- Enterprise Unlimited only includes 10GB of high-speed mobile hotspot data - more than the 5GB on Magenta but well below the 40GB on Magenta Max.
- The other terms are largely the same as the Magenta plan including a 1.5Mbps (DVD/480p) video throttle, 5GB of high-speed data in Canada and Mexico, and 128kbps in other countries.
Businesses will have the option to upgrade individual lines to Magenta MAX for business for an additional fee. But again, pricing is not yet available.
T-Mobile likely has done their homework and ensured this plan and the pricing will be a better deal for companies currently on legacy tiered data plans from other carriers.
But for mobile internet users and especially RVers and cruisers looking for a home internet replacement, this new option is not worth your time, especially when pricing is not openly advertised and requires a consultation with a business sales representative.
T-Mobile Home Office Internet
The second new offering is an even bigger disappointment.
T-Mobile is marketing this as a "separate, reliable, high-speed internet connection for your at-home workforce" but in reality, T-Mobile is just taking its existing consumer home internet broadband plan, increasing the price ($90/month vs $50/month), adding taxes and fees, and then filtering out any fun internet content such as most streaming and gaming content.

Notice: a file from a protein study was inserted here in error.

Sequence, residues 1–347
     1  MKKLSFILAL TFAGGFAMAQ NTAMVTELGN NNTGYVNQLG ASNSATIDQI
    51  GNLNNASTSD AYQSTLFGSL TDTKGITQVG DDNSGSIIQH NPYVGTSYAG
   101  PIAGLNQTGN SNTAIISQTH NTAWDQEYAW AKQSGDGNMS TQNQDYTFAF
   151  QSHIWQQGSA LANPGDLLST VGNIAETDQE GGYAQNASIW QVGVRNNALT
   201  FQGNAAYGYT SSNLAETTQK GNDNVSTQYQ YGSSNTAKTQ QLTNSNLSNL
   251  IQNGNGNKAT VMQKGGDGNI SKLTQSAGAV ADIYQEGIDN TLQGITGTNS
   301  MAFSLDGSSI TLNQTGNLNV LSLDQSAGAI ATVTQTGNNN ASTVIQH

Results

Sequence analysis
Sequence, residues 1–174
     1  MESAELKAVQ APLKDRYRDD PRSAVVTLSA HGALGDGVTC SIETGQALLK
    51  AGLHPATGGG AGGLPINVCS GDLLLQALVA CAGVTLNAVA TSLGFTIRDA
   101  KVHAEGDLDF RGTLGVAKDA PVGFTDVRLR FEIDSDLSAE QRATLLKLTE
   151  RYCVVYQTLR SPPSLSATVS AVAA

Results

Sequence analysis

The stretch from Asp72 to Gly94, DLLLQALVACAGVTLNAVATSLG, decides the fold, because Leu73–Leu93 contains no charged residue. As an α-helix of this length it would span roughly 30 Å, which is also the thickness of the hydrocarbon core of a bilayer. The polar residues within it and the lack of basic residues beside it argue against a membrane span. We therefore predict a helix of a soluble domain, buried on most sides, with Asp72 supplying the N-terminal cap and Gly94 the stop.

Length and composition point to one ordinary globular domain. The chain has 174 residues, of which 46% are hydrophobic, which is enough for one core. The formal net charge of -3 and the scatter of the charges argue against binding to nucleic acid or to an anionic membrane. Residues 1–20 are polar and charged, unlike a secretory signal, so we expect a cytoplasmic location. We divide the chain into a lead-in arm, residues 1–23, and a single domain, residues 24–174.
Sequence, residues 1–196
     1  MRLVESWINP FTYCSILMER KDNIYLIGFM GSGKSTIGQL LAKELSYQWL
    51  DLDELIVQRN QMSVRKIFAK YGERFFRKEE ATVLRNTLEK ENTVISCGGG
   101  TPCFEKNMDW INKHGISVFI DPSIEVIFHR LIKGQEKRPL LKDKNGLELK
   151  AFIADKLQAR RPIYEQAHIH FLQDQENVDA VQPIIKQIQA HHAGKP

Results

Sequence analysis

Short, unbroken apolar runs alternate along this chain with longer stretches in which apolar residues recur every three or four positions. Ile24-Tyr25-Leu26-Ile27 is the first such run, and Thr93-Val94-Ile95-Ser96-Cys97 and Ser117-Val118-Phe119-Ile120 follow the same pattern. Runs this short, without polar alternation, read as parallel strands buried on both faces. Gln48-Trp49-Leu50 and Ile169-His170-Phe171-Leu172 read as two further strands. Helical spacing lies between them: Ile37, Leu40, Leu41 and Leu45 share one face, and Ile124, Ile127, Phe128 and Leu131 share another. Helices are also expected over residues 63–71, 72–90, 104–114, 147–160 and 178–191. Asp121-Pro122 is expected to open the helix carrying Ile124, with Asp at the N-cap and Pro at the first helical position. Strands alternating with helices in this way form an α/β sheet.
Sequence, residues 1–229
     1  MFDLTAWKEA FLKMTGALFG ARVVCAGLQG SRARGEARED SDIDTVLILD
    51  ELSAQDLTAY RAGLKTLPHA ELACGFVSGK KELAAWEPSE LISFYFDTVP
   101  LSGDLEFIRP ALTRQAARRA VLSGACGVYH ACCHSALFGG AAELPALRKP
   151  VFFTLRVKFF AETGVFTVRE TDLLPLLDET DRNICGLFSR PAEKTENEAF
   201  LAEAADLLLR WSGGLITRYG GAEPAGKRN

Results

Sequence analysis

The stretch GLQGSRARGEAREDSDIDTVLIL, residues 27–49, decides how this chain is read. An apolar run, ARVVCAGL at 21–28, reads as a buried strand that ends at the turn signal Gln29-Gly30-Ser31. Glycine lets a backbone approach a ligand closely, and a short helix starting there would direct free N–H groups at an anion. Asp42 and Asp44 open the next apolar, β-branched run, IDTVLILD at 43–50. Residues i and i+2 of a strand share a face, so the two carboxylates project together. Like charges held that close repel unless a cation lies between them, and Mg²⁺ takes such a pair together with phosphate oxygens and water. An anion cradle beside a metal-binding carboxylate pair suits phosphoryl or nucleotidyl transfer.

Meanwhile, there is no upside to the business plan over the home service - the other terms retain all the defects of the consumer home internet option including always being deprioritized, and a fixed-location limitation (ie. not-mobile).
T-Mobile intends this as an option for work-from-home employees so they don't have to use their own home broadband connections. And the filtering options are probably attractive to businesses who want to keep their at-home employees from being distracted by fun content.
But for mobile internet users - hard pass.
The third announced offering, called T-Mobile Collaborate, is billed as:
an AI-powered cloud communication platform, powered by Dialpad, that provides business calling, messaging, and video conferencing—from virtually any device, anywhere.
Basically, this is simply a T-Mobile collaboration with the Dialpad business collaboration service. Dialpad is a comprehensive business-focused collaboration service that can replace a traditional landline phone system, provide video and voice conferencing, and integrate with popular business tools like Microsoft Office 365, Google G Suite, and Slack.